13. Doesn’t want to do any of the things I suggest
  14. If enrolled in a classroom school, he might be “labeled”

What do I do with this boy? I feel very frustrated

Here are a few suggestions:

  1. Keep him away from television, movies, computer games, music that contains any kind of a syncopated beat, sugar and caffeine, and allow him only supervised contact with peers.
  2. Make him repeat back to you what you’ve told him to do.
  3. Work with him until you’re satisfied with his obedience. This is of the utmost importance.
  4. Make a list of the things he needs to accomplish each day, and have him check them off as he does them. Hold him accountable daily.
  5. Wait until age 8 or 9 before teaching him to read. Don’t start academics until age 11. (See our article on “A Suggested Course of Study” in Volume II of our magazine.) Read to him at least two hours each day. If he hates to write, allow him to dictate to you his letters and journal entries, or use a tape recorder.
  6. Make use of the child’s one or two chief interests. Use it as an avenue to other things. (i.e., Link guns to the Second Amendment to the Constitution and to principles of sound government) Get him started in his own business that involves his interests. For example, if the child’s interest is fencing you might suggest that he give fencing lessons to other children, develop a web page on fencing, write a newsletter on fencing, do a display at the library on fencing, write an introductory booklet on fencing, produce fencing equipment, do a fencing seminar for 4-H. He can become the homeschooling expert on fencing.
  7. Give him lots of physical work to do–regular household chores and special jobs. But don’t dump it all on him at once — he probably is the kind of person who is easily overwhelmed and frustrated. Break everything down into parts and mete them out one or two at a time. Use a chart to keep him accountable.
  8. If possible, move to the country so you can raise animals and there will be more outside work to perform (raise rabbits, goats, or chickens, display these projects at the fair, obedience train your dog and show at fairs, raise earthworms to sell or for your garden, raise berries to sell or barter, raise some specialty animal such as a certain breed of horse, and become the local expert on that breed, have him practice carpentry skills by rebuilding a small shed or outbuilding).
  9. Get the child involved in some kind of community service (visit the nursing home every week for one hour, cook meals for the elderly, do repair work for the elderly, pick up the trash around your neighborhood, make small wooden toys and give them to children in the hospital, make greeting cards and give them away, write letters to relatives or others).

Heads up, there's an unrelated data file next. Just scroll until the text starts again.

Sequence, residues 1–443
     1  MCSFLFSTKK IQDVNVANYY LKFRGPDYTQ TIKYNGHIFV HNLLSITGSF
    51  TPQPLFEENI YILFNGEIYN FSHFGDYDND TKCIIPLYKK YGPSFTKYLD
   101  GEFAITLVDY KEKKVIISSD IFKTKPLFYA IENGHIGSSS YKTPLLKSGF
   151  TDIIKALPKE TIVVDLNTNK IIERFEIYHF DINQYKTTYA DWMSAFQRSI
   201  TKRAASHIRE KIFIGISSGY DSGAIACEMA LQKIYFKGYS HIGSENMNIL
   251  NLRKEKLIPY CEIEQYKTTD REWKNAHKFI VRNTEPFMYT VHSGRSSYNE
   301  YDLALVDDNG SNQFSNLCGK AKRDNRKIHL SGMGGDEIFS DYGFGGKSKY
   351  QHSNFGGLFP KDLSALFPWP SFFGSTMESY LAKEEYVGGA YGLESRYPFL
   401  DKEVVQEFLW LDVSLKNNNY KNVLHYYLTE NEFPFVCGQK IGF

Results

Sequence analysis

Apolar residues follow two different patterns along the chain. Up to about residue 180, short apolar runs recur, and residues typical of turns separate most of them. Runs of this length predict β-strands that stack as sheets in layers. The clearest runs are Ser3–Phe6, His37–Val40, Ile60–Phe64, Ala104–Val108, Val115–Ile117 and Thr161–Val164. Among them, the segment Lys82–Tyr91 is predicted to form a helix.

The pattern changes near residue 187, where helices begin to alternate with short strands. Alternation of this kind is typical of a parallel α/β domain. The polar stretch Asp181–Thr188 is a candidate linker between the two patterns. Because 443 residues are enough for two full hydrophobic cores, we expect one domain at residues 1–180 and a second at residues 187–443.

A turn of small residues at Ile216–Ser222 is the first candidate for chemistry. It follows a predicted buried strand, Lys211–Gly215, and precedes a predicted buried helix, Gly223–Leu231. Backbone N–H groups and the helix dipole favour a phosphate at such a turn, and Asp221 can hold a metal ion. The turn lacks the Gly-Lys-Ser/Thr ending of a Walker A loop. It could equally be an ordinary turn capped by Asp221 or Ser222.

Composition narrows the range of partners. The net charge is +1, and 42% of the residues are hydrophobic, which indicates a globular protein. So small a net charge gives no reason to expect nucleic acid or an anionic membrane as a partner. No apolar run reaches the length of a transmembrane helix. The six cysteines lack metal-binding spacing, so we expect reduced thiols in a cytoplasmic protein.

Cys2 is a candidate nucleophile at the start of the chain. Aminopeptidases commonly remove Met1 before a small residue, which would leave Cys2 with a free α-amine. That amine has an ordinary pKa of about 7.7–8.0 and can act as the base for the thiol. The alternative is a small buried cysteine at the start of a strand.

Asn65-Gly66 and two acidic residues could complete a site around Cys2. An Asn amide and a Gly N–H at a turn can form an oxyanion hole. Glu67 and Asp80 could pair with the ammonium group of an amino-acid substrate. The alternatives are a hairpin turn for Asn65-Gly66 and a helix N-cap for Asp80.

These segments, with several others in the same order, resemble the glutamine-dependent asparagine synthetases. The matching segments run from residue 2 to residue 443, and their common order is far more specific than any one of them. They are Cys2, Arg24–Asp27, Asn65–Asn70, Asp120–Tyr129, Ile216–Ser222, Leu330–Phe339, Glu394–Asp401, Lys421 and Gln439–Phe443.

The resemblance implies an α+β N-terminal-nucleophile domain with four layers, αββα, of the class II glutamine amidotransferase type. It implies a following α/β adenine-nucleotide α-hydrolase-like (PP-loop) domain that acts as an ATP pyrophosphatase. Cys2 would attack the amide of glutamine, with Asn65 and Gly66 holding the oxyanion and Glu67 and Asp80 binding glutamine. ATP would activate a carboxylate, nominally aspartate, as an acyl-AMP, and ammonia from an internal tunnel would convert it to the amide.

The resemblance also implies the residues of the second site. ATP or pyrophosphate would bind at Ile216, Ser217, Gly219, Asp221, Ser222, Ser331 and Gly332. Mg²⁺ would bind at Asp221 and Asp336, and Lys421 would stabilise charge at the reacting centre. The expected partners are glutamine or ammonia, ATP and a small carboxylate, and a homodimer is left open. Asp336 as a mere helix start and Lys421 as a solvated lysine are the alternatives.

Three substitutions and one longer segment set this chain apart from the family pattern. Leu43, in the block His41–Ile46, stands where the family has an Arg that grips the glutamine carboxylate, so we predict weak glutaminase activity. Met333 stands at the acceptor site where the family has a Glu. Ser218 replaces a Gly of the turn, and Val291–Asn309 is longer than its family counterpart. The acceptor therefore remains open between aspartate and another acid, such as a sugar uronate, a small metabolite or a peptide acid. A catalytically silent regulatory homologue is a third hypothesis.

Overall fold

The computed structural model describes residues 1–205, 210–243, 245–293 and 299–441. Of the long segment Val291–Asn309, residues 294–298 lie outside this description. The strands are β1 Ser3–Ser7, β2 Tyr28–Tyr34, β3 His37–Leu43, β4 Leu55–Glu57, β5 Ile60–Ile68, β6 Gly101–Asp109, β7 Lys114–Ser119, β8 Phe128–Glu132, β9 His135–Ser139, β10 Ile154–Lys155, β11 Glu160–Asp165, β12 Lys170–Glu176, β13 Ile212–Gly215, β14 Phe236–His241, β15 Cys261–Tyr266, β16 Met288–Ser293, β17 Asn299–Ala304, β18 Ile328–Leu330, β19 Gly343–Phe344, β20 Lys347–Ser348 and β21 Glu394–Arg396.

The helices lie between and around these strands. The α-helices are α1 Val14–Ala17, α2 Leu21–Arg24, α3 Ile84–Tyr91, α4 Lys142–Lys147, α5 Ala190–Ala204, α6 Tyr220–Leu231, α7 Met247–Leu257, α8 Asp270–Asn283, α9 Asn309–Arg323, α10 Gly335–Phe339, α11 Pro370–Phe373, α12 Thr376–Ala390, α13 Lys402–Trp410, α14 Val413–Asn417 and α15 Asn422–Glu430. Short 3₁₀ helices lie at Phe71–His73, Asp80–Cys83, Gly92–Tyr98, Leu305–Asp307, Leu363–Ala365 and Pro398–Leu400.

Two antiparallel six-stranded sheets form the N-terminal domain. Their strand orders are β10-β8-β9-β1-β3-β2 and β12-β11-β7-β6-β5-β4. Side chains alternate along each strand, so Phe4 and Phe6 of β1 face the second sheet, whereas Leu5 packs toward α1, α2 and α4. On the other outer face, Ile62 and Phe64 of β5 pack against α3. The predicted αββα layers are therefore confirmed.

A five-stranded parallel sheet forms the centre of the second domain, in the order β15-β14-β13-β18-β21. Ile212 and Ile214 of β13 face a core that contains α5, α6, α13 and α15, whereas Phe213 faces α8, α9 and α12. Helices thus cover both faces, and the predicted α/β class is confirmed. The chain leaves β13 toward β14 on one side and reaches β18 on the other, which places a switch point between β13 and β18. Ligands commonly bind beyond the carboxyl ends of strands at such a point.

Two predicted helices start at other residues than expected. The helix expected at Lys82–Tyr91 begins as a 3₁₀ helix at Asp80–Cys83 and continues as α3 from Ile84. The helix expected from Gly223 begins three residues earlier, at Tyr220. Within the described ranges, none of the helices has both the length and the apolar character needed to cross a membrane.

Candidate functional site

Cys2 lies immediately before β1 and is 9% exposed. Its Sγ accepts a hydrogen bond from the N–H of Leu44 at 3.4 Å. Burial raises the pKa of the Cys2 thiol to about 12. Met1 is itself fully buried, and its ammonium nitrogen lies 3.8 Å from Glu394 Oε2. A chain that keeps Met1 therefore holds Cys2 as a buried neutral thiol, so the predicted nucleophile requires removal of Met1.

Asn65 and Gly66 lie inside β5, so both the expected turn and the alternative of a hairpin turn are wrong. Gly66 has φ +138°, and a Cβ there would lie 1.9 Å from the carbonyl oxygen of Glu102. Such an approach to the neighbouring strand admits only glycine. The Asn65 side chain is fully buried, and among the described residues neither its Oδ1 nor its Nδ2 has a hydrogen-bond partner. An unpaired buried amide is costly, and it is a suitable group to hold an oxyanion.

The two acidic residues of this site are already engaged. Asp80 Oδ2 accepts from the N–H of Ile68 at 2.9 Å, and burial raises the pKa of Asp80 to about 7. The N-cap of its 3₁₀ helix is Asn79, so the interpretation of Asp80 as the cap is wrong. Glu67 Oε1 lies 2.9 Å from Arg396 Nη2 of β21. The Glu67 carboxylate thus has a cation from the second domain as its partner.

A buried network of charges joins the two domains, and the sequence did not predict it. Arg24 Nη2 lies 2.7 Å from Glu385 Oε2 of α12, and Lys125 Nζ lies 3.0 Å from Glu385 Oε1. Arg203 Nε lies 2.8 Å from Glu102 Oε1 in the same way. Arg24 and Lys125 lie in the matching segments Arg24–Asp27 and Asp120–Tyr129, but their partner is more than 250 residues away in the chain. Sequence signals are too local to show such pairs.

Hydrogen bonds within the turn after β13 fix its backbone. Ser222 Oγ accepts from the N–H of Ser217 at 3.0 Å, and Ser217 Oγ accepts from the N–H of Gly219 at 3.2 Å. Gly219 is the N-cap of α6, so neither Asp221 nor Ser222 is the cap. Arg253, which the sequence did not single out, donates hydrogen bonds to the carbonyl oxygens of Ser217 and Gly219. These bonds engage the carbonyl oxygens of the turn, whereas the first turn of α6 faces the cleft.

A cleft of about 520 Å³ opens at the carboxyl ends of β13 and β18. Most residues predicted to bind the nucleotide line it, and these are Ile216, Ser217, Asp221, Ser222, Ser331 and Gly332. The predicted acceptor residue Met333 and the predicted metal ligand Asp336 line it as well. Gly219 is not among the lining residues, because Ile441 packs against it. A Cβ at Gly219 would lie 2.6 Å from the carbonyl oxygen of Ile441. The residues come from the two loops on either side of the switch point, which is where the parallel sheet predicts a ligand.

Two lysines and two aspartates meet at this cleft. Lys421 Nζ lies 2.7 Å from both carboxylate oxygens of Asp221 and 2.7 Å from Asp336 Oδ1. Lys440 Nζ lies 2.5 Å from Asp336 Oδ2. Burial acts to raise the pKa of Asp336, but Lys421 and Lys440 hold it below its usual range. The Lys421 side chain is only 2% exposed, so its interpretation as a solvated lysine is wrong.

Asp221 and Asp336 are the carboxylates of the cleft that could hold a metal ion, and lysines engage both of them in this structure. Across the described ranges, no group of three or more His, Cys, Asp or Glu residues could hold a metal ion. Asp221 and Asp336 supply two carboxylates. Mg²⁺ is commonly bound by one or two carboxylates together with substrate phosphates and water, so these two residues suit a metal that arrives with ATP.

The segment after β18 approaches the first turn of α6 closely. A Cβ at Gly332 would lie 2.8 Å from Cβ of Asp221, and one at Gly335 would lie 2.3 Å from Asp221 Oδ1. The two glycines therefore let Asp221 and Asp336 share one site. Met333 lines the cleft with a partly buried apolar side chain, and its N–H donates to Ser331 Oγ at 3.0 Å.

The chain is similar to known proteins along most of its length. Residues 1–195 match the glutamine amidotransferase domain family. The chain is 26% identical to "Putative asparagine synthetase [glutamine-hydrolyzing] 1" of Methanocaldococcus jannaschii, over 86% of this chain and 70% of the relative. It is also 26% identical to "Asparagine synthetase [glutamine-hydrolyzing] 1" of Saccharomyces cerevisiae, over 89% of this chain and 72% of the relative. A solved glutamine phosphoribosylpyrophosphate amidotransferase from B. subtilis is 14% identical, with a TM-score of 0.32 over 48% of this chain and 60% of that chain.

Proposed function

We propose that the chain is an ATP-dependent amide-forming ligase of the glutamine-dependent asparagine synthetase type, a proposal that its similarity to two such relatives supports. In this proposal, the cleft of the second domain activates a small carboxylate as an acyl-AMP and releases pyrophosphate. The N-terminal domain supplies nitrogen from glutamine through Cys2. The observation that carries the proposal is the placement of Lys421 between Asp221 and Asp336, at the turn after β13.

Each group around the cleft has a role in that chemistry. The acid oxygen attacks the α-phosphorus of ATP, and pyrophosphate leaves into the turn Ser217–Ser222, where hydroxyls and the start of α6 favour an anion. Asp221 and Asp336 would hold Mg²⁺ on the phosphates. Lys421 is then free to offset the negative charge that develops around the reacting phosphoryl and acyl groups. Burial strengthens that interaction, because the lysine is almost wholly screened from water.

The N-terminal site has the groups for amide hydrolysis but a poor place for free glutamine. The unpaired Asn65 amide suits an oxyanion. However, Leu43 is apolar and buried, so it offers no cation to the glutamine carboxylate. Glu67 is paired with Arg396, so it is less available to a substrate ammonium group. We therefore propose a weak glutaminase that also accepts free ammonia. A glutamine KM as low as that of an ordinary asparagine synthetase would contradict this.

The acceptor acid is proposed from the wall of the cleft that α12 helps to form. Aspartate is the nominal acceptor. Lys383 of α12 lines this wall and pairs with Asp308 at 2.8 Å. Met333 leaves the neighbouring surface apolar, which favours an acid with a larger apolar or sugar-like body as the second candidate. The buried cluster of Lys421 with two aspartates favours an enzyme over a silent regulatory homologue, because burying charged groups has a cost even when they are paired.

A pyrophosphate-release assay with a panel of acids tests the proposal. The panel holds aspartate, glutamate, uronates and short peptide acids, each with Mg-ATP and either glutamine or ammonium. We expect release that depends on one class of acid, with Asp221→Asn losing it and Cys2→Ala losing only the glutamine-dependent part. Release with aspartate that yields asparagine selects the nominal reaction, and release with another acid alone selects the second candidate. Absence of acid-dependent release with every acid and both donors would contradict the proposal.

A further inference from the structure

10. If possible, Dad can take him to work once or twice a week.
  11. Do unit studies instead of the traditional textbook approach to academics.
  12. Get involved in historical re-enactments (Civil War, Buckskinners, Medieval, WWII), make costumes and equipment, and attend events.
  13. Teach him to hunt and fish.
  14. Get him a good mountain bike so he can explore.
  15. Keep the child on a regular schedule (flexible, but regular).
  16. This suggestion is listed last, but is really the first: the child should be part of your daily family Bible studies led by the Father.

Sometimes, if the child persists in refusing to be interested, you must insist. The key to all this is to recognize early on that your child is one of these “late bloomers.” You don’t want to wake up to this fact when the child is 17 or 18 and has already developed numerous unprofitable habits and wasteful ways of thinking. Motivating a 17-year-old is much more difficult than motivating a 10-year-old. Molding a 17-year-old is much more difficult than molding a 10-year-old.

With any child, you must build a solid foundation before you begin academics. With a “late bloomer” the foundation takes longer to build and more patience must be used because the bricks tend to be less than square. But, trust me, by the mercy of God, if you persist, the structure that is built on this foundation will be worth all the blood, sweat, and prayers.

This article was reprinted from Teaching the Trivium Magazine, Trivium Pursuit PMB 168, 429 Lake Park Blvd., Muscatine, Iowa 52761 The magazine is now out of print, but many additional articles and resources are available at their website.